This year, on April 15th, we acknowledged the 100 year anniversary of the sinking of Titanic in a variety of ways. We remembered, with reverence, the lives lost on that fateful night. Ceremonies commenced on land in Belfast where the giant ship was built, and over sea where the MS Balmoral stopped to observe a moment of silence at the estimated spot where Titanic sank. On a lighter note, Hollywood saw fit to re-release of James Cameron’s film, Titanic, this time in 3D.
September of this year marks the 27th anniversary of the discovery of the wreckage of Titanic by Dr. Robert Ballard. Dr. Ballard will be Gartner’s guest keynote speaker at this year’s U.S. ITAM, Finance & Procurement Summit.
We’ve learned much from analyzing the cause of disasters. In fact, we can apply that knowledge to Software License Compliance – an endeavor that resembles a voyage in presumably calm waters
Ten “Lessons Learned” to Apply to Software Compliance
- The most expensive, grandest tools in the world are meaningless without effective processes and policies.
- There are always a few people walking around in denial trying to act as if there is no problem.
- No process is infallible, and no ship unsinkable, no matter how much you might want to believe it so.
- Once you know there is a problem, relief may come too late and probably won’t stop the ship from sinking.
- One front line person can make all the difference in preventing or averting disaster.
- There are always executives who have lofty goals and believe conservative practices are a waste of time – They are wrong.
- Smart people sometimes fail. Vigilance and proper planning are key.
- If a well-meaning person tells you everything is fine and you can go back to what you were doing, it’s best to find out for yourself.
- Panic is not our friend.
- Teamwork is critical.
To illustrate this last point, an account shared by Titanic survivor, Dr. Washington Dodge, on April 20, 1912, shows that the value of teamwork was clearly evident for those Titanic passengers who had made it to a row boat.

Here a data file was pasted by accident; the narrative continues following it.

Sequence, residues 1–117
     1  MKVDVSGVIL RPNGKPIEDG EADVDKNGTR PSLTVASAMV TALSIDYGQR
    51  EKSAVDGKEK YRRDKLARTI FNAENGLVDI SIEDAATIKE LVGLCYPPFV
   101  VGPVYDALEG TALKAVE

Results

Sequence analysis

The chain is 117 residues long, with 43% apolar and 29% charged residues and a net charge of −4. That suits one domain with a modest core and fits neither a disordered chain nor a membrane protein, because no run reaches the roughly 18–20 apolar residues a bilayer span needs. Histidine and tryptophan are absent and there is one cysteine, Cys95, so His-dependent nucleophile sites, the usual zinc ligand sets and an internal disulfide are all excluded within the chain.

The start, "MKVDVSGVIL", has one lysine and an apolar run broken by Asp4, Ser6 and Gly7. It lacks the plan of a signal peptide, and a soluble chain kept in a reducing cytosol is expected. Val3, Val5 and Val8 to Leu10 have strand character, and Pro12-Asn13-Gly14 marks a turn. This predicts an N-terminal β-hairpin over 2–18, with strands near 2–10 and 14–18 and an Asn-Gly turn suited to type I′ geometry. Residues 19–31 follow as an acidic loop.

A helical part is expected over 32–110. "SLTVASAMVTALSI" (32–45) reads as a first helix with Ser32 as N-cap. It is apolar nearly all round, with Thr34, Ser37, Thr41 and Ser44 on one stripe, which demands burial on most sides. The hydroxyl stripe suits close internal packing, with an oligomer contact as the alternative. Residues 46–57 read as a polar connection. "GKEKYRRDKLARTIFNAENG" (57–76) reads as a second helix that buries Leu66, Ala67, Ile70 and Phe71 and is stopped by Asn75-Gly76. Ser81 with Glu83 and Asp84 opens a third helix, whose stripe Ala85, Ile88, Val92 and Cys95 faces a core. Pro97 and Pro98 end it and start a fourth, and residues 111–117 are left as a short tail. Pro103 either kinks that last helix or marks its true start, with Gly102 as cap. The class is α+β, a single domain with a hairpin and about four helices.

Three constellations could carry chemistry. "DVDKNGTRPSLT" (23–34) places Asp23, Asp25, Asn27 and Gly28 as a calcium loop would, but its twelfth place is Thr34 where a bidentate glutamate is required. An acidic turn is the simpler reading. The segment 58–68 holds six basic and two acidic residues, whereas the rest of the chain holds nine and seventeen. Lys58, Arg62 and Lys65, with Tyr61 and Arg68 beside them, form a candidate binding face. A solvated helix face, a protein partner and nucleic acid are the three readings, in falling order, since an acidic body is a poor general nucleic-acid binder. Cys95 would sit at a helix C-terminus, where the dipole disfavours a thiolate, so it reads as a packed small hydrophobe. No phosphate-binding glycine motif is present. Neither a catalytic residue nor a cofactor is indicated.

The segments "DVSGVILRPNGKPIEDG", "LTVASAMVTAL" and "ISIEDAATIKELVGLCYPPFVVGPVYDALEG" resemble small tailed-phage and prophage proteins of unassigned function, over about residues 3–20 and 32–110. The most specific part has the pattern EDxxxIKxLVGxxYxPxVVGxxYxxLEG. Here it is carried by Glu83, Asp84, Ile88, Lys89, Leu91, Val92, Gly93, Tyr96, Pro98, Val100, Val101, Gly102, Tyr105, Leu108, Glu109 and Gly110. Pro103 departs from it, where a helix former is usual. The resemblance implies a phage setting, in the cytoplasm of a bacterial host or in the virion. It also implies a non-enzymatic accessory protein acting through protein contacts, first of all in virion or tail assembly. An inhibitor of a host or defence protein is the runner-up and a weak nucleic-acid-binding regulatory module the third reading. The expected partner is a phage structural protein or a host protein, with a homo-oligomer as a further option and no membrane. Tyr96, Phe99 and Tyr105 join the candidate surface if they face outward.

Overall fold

“In my boat when we found ourselves afloat we also found that the four oars were secured with strands of tarred rope. No man in the crowd had a pocket knife, but one had sufficient strength in his fingers to tear open one of the strands. That was the only way in which we got our boat far enough away from the Titanic’s side to escape the volume of the condenser pumps.
“Here is another thing that I want to emphasize; only one of all the boats set adrift from the vessel’s side had a lantern. We had to follow the only boat that had one, and if it had not been for that solitary lantern possibly many of the other boats might have drifted away and gone down.”
It only takes one solitary lantern, to lead the way to safety for others…
Visit us at the ITAM Summit, September 12 -14, in Orlando and listen to keynote speaker, Dr. Robert Ballard, share his experience in discovering the Titanic in 1985 along with his advice on how to motivate out-of-the-box thinking, deal with failure, inspire children and live your dream. We also hope to help you “shed some light” on software compliance issues through our many tutorials and clinics. Hope to see you there.
Register here: http://gtnr.it/KQT7IC